Garden in Umbria - a group of visitors to the garden in 2017

A bit about the gardener

I must start with the confession that I am not a professional gardener and I have not had any botanical training: I am in fact a chartered civil engineer. During the course of twenty years I have learned by observing my garden and my – often mistaken – efforts to make it flourish here in Umbria.

My ideas for how to cope with a dry garden have evolved slowly. In the beginning I tried irrigating plants but many just curled up and died: fungal infection seemed to kill off as many as did drought.

Behind the house was a heap of rubble left from when the previous owners did building work in the 1960s. It was impossible to get a fork into the jumble of old concrete, bricks and steel. One day when I was at the local vivaio looking for more plants to commit to certain death, I spotted a collection of small plants in tiny square pots growing from cuttings. These were of plants that grow well in our area – cistus, teucrium, phlomis … I bought dozens and returning home squeezed them into the crevices in the rubble. By the following year they had mostly flourished. Result!

Shrubs growing on a heap of rubble

Subsequently I discovered the work of Olivier Filippi who is the probably the world expert in plants for the dry garden and his book ‘The Dry Gardening Handbook’ has changed my (gardening) life.

I decided then to build a natural pond rather than a conventional swimming pool. That was just the beginning: the grounds surrounding the pond were a sea of mud. Sticking to the principles of a garden that is in harmony with the landscape and requires no irrigation, I put in more than a thousand plants in the first winter - and lost only ten.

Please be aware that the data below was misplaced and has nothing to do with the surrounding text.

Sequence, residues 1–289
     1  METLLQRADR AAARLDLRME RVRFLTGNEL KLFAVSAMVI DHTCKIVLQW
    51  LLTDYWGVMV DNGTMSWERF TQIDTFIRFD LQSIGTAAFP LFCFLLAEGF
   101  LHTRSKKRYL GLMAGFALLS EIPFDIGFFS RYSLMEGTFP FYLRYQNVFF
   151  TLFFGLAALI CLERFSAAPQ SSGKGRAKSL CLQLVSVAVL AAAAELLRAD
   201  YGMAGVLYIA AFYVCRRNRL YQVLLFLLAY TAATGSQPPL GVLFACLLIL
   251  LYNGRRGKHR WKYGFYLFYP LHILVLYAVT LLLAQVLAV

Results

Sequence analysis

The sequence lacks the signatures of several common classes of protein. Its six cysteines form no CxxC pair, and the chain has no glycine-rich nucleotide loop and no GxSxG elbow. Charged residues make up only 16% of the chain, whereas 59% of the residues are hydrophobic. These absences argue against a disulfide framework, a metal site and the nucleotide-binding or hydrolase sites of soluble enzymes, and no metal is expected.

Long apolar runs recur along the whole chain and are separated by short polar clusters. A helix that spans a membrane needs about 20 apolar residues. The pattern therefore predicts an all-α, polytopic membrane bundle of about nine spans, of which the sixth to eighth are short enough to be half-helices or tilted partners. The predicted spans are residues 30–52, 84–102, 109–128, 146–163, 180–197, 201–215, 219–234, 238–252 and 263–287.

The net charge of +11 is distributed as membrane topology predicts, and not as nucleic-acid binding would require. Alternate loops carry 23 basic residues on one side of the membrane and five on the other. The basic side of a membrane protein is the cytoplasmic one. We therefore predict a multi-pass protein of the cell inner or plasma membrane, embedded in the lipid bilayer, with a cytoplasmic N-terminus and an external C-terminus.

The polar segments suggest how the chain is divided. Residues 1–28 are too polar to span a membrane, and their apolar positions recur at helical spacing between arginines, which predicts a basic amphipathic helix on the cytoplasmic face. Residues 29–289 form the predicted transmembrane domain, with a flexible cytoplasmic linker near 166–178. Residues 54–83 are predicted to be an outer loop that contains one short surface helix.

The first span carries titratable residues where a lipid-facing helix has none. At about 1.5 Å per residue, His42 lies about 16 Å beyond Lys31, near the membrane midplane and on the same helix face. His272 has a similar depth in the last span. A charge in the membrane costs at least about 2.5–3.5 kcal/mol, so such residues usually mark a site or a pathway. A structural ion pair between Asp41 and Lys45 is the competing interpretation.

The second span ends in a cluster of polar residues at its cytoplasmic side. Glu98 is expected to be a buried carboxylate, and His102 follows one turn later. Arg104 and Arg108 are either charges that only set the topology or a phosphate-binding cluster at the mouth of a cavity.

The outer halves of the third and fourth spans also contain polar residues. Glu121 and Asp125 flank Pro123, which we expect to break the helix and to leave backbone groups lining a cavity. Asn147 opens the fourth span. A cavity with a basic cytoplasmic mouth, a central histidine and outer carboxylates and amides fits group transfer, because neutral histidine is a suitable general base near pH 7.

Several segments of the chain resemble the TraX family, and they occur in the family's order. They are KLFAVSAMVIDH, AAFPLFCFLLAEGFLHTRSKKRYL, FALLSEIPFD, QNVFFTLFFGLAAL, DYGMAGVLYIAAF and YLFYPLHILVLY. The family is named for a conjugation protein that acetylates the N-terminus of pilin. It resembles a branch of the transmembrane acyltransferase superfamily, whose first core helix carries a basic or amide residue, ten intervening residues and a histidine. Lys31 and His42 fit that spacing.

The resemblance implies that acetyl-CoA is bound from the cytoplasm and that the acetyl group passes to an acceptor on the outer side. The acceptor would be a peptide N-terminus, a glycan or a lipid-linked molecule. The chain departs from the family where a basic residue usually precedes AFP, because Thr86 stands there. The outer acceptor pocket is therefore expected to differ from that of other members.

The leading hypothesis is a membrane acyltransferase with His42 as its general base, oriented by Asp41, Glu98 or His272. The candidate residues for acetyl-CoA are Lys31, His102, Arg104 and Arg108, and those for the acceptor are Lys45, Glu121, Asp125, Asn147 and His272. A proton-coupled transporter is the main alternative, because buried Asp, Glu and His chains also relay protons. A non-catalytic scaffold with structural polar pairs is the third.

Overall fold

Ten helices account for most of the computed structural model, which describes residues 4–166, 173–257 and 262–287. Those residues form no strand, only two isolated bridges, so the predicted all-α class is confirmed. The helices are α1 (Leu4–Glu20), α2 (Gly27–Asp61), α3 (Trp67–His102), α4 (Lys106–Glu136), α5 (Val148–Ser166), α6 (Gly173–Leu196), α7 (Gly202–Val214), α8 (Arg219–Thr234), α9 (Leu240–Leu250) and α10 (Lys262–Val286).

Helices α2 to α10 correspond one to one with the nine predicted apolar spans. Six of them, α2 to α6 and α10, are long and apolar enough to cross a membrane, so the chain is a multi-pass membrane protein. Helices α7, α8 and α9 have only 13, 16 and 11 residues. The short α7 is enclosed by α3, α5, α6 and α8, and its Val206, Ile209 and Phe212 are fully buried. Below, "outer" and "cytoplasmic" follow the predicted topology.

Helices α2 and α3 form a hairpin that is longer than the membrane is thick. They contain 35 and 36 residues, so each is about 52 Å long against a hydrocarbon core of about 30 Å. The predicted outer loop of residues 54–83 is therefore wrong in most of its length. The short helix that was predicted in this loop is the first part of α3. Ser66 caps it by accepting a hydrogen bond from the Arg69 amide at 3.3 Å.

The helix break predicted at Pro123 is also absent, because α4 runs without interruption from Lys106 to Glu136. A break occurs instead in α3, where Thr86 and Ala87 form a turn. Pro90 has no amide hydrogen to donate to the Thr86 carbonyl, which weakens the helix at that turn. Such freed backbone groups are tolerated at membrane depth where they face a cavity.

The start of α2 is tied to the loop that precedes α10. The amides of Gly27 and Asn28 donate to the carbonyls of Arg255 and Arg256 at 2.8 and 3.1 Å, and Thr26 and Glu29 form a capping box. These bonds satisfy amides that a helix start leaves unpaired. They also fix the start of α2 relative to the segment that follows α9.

In the beginning - a sea of mud

I believe that what has resulted is a garden that is self-sustaining and ecological and which provides interest and sanctuary in every month of the year, despite the challenging conditions. I do hope that you agree.

The same area of the garden three years later

As an introduction to my approach to the garden in Umbria here is a talk I gave in Castiglione del Lago a couple of years ago.

Garden visit

I have occasionally opened the garden to groups of visitors, but this article will explain why I don’t do this routinely.

The photo at the top of this page shows a group of visitors to the garden in 2017

Many of these articles first appeared in the Castiglione del Lago monthly newsletter “Qua e là” edited by Priscilla Worsley

All text and photographs © Yvonne Barton unless stated otherwise

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